// use your credential, make sure you have REPLICATION_SLAVE privilege or you can specific your binlog path as stated https://github.com/osheroff/mysql-binlog-connector-java#tapping-into-mysql-replication-stream
        BinaryLogClient client = new BinaryLogClient("host", 3306, "user", "password");

        EventDeserializer eventDeserializer = new EventDeserializer();

        eventDeserializer.setCompatibilityMode(
                EventDeserializer.CompatibilityMode.DATE_AND_TIME_AS_LONG,
                EventDeserializer.CompatibilityMode.CHAR_AND_BINARY_AS_BYTE_ARRAY);
        client.setEventDeserializer(eventDeserializer);

        client.registerEventListener(new EventListener() {
            @Override
            public void onEvent(Event event) {
                if (event.getHeader().getEventType() == EventType.QUERY) {
                    QueryEventData queryEventData = event.getData();

                    Statement statement = null;

                    try {
                        //parse the query from event
                        statement = CCJSqlParserUtil.parse(queryEventData.getSql());
                    } catch (JSQLParserException e) {
                        // TODO Auto-generated catch block
                        e.printStackTrace();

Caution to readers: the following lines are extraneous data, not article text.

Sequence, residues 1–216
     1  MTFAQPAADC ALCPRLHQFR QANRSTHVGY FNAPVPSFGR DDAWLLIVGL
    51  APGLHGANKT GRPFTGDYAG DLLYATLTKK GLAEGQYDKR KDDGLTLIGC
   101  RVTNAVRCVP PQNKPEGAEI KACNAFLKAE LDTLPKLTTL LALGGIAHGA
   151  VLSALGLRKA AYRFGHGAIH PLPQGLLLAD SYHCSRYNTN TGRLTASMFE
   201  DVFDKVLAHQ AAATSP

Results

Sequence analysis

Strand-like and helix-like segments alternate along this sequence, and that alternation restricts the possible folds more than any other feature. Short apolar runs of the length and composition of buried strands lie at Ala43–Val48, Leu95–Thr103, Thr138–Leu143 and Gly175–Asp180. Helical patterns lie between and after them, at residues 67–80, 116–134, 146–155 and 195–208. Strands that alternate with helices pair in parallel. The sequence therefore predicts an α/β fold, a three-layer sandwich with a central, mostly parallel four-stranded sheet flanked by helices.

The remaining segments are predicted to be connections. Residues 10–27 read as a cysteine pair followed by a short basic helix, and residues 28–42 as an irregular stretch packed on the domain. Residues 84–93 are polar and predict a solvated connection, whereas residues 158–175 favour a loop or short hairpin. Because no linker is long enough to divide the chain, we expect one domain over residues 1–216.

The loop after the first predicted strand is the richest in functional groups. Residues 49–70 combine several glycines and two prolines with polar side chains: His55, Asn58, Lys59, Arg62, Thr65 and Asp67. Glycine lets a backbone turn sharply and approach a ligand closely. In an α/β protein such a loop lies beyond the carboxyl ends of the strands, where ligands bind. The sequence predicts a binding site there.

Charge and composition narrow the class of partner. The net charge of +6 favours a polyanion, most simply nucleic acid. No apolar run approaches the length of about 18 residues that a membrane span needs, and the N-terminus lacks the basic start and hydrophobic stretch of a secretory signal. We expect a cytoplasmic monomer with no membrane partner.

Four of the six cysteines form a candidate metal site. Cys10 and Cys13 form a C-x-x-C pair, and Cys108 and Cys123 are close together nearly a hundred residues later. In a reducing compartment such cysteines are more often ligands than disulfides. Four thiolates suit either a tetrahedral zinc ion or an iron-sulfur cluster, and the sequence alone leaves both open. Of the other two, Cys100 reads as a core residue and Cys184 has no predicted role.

}

                    //get query type so we can cast statement to the appropriate class
                    String queryType = statement.getClass().getSimpleName().toUpperCase();
                    String tableName = null;

                    switch (queryType) {
                        case "INSERT":
                            Insert insertStatement = (Insert) statement;
                            tableName = insertStatement.getTable().getName();
                            break;
                        case "DELETE":
                            Delete deleteStatement = (Delete) statement;
                            tableName = deleteStatement.getTable().getName();
                            break;
                        case "UPDATE":
                            Update updateStatement = (Update) statement;
                            tableName = updateStatement.getTable().getName();
                            break;
                        default:
                            System.out.println(String.format("unsupported query to watch %s", queryType));
                    }

                    Map e = new HashMap();
                    e.put("queryType", queryType);
                    e.put("tableName", tableName);
                    System.out.println(e.toString());
                }
            }
        });
        client.connect();
    }

When you start it, it should give you this log.

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May 12, 2024 9:07:30 PM com.github.shyiko.mysql.binlog.BinaryLogClient connect
INFO: Connected to localhost:3306 at mylog-bin.000001/622 (sid:65535, cid:33)

Now try to modify any table by doing either INSERT, UPDATE or DELETE.

If you see this line.

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{queryType=INSERT, tableName=`user`}

Congratulations, you’ve successfully listened to your database changes.

In the next part, we are going to fetch the modified table and streamline it using web socket.

To be continued.